The Queue: Jovencio de la Paz
The Queue: Jovencio de la Paz
Get to know the people featured in the pages of our magazine as they share what's inspiring them right now.
Welcome to the Wonder series of The Queue
A biweekly roundup for and by the craft community, The Queue introduces you to the artists, curators, organizers, and more featured in the current issue of American Craft. We invite these inspiring individuals to share personally about their lives and work as well as what's inspiring them right now.
For Jovencio de la Paz, there's wonder in projects taking unexpected turns
We're thrilled to feature the writing of Oregon-based artist, weaver, and educator Jovencio de al Paz in the Winter 2022 issue of American Craft. Their piece "The Scholar's Stone" is a reflection on the Japanese tradition of suiseki. Jovencio was also a participant in our summer 2021 American Craft Forum, sharing an object story which you can watch in the session recording.
How do you describe your work or practice in 50 words or less?
I am an artist, weaver, educator, and writer. My work exists at the intersection of the history of computation, coding, weaving, and textiles.
The past 18 months has presented many challenges, from a global pandemic to renewed urgency around issues of racial equity and police brutality. As we slowly move into a post-pandemic world, how are you finding beauty and staying grounded?
In addition to being an artist, I am also an ordained Zen Buddhist Monk. I live in a zen temple and follow a rigorous monastic life. This has been useful in the pandemic, as we strive on a daily basis to ground ourselves in our bodies, breath, and mind. Beauty comes from cultivating the quality of our relationships with people, places, all things—it is not always found passively.
The theme of the newest issue of American Craft is "Wonder." Can you reflect on that theme as it relates to your work and practice?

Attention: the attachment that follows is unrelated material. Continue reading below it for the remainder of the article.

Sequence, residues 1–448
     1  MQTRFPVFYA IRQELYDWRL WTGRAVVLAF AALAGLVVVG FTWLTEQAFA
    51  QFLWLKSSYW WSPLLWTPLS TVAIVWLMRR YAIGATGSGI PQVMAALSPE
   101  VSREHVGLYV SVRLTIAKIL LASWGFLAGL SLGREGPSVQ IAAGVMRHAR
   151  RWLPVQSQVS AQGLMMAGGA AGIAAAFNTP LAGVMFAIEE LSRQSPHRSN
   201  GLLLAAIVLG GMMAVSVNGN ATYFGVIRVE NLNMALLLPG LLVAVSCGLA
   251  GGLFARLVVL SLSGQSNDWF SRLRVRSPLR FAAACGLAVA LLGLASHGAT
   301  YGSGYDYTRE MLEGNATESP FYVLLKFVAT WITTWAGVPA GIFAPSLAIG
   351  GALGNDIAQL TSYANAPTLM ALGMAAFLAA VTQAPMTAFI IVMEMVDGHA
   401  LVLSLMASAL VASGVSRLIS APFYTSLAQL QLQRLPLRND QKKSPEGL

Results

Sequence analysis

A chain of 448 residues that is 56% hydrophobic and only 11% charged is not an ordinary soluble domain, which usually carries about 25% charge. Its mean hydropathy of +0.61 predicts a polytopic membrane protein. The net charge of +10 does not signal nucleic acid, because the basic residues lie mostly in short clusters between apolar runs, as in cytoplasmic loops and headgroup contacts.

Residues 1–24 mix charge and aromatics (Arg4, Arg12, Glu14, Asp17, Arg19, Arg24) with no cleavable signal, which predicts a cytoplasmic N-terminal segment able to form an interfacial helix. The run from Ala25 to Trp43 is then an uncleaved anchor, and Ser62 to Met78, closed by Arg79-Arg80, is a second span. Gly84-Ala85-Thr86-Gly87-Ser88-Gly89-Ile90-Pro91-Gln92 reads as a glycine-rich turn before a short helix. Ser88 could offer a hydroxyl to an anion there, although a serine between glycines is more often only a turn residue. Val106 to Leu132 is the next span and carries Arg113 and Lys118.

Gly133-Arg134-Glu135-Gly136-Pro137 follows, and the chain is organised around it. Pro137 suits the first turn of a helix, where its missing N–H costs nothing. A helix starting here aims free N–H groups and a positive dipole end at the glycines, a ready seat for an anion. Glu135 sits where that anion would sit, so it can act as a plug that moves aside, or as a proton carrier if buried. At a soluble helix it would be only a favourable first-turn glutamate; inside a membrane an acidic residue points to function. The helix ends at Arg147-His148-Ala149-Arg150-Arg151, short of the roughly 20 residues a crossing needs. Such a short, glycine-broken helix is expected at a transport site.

I am interested in how the word wonder implies a definite state of awe or amazement, but also a state of questioning. When I am struck by wonder it is usually because my preconceptions have been struck down by an experience, an event, etc. In my work at the loom and with computers, which both appear as very rigid, structured, or limited tools, I am still struck by how unpredictable and surprising even my best laid plans can turn out to be.
What has been the biggest barrier you have had to break through to get to the place you’re at with your career?
For a long time I was convinced that I could not make course corrections or change the creative or intellectual trajectory I’ve been on. Whenever I have given myself the permission to try out new techniques, learn new skills (even those unrelated or at least seemingly unrelated to my work) I always make breakthroughs.
What’s one of your go-to/favorite tools in your toolkit that the world should know about?
I have been weaving a simple piece of plaid fabric for about 20 months. I have no plans for this weaving to become a final artwork, product, or anything else. I find it is important to have processes or ways of making that are free “goals,” more like meditations than anything else.
What podcast should we be listening to right now, and why?
I have been listening to a podcast called Let’s Talk to Lucy, which is a series of over 200 interviews the actor, comedian, and media magnate Lucille Ball recorded largely on her own recording device. She interviews all manner of stars of stage, screen, and music. It is a fascinating view into a golden era of American TV and media.
Inspired by the people featured in The Queue?
Dive deeper into their work in the pages of American Craft magazine. Become a member of the American Craft Council to get a subscription and help fund a range of nonprofit programs that elevate the craft community.